For Michael Aleman, all it took was a three-week trip to Haiti to change his life. The Northwestern senior fondly recalls his time volunteering with The CRUDEM Foundation as a “key experience that changed my life.” Aleman’s experiences abroad, as well as his work on campus, have shaped him to become an impressive figure in NU’s Global Health community and made him an individual that will go on to have real impact in the years ahead.
Michael entered McCormick School of Engineering as a biomedical engineer, but soon discovered a concentration that was better suited to his interests: mechanical engineering. He added a Global Health minor after discovering a passion for the topic towards the end of his freshman year.
The tasks he encountered in Haiti were simultaneously challenging yet quite simple, Aleman recalls. His goal was to investigate how effectively donations made to a Christian medical clinic in rural Haiti were being deployed. “I was so inspired by the fact that the head of the clinic was Haitian,” says Michael. “They were so committed to helping out their own people, and it was mind-blowing what they could do under such constrained circumstances.” Even with limited supplies and equipment, he explains, the clinic has been offering free or heavily subsidized care for over 40 years. His passion for looking into the development of medical systems and materials truly began during his time in Haiti, Aleman says. During his time abroad, he recalls saying to himself, “This is going to be my life’s work.” From that time on, Michael has pursued opportunities to help him on the path towards creating medical equipment and supplies for the areas in the developing world.
Back on campus, Aleman got involved with Northwestern’s chapter of Engineering World Health (serving as president in 2013) and Mission Outreach, where he takes part in extensive volunteer efforts. He went abroad in the fall of his junior year to Chile, where he was surprised by the modern health care system. “It revealed how medical care can be done differently and more efficiently,” Aleman recalls. “The US way isn’t the best way.”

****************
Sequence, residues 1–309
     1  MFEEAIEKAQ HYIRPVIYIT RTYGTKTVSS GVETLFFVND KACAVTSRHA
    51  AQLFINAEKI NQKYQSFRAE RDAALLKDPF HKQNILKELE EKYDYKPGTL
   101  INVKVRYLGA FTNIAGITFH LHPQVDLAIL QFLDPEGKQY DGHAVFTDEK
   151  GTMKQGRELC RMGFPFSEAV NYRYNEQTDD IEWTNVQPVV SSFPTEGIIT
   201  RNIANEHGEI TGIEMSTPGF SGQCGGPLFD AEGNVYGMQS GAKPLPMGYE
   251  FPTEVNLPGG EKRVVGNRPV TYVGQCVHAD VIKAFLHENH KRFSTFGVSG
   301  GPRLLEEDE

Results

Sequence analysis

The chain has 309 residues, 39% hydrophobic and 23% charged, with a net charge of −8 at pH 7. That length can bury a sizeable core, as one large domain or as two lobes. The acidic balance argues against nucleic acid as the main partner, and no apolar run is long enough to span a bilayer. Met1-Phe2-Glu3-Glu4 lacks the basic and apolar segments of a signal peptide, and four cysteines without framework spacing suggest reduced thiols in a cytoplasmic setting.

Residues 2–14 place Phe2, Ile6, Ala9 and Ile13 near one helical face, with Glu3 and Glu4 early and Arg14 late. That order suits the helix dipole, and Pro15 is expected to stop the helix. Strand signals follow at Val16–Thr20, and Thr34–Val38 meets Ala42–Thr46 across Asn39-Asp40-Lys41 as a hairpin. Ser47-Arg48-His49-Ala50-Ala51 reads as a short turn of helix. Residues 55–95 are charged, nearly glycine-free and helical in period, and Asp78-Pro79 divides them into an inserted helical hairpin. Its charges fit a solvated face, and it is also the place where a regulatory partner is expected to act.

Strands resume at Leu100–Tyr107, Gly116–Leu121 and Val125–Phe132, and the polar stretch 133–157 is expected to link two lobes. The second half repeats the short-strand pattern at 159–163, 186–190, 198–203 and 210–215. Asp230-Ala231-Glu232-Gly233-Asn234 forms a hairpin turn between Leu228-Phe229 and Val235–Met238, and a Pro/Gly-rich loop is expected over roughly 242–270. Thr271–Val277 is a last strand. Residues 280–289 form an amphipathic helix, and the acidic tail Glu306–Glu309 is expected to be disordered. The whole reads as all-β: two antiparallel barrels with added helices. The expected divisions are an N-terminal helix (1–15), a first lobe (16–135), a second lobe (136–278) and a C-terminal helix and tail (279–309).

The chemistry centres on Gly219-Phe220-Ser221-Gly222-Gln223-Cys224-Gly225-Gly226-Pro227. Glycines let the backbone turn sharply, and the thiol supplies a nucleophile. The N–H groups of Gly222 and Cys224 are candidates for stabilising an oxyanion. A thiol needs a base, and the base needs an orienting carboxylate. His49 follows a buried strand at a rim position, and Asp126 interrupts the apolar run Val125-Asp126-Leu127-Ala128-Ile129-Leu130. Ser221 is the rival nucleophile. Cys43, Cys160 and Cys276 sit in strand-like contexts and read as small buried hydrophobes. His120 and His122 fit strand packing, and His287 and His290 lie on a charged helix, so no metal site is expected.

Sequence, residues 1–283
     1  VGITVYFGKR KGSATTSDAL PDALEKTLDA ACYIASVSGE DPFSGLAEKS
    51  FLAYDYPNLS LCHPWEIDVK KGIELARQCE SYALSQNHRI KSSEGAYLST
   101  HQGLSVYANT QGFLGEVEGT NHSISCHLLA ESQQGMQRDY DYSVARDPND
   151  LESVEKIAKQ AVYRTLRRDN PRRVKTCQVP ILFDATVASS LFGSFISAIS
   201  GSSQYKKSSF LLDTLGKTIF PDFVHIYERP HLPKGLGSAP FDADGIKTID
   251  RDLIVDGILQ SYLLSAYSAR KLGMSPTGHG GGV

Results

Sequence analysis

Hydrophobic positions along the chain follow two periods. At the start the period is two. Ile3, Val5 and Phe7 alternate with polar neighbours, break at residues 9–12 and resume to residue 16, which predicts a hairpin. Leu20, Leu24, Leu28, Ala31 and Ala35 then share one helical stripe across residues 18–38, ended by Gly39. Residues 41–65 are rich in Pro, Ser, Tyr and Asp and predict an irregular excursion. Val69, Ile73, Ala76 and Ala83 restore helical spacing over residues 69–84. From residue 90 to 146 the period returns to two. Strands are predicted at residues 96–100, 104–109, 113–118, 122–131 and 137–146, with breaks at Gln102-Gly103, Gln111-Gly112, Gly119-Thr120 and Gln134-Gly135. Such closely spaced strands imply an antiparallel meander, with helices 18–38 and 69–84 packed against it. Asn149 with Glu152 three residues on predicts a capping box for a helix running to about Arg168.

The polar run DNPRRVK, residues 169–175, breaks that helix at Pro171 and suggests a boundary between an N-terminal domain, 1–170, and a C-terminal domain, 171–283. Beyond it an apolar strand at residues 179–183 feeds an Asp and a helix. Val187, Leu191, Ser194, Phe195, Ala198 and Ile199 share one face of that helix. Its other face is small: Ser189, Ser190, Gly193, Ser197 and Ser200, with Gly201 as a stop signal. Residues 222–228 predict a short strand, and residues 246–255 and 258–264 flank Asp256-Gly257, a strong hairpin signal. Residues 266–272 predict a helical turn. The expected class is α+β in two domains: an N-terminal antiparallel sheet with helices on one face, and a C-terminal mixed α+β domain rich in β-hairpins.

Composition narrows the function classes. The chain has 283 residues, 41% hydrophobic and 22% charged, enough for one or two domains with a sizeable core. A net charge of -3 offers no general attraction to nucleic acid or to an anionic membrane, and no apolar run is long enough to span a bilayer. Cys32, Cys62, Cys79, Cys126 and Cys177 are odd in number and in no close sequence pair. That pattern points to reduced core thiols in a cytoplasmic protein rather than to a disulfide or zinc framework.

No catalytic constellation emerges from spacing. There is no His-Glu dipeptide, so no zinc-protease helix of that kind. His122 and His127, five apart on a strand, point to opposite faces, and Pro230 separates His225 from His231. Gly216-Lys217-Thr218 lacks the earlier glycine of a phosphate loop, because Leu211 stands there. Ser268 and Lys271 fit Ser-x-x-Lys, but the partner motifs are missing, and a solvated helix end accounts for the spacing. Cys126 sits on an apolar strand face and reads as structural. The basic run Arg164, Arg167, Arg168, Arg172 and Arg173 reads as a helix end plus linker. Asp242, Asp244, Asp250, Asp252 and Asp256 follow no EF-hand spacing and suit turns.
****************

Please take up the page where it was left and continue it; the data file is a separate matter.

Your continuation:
While in Chile, he also discovered a valuable lesson for how to make the biggest impact when looking to help abroad: “You realize once you’re there that you have the most effect when you just say, ‘I can help, where do you need me?’” It’s the same lesson he found so important in Haiti, and one of the reasons he finds the field of global health so rewarding yet challenging.
Aleman’s interest in the effectiveness of healthcare has led to his newest project: applying for a Fulbright Grant to spend time in Indonesia after graduation. His project looks at the effect of increased healthcare spending in Bali and the relation of the increased hazardous medical waste to public health. The project will allow Michael to utilize the skills he picked up at Northwestern as well as his time abroad. “Indonesia will serve as a test-case for better waste tracking techniques,” Aleman states in his grant application. Applying for the grant has been an exceptionally meaningful process, says Aleman. His past experiences in the field of global health have led him this far, and it’s certain he will continue to impact those around him in the years to come.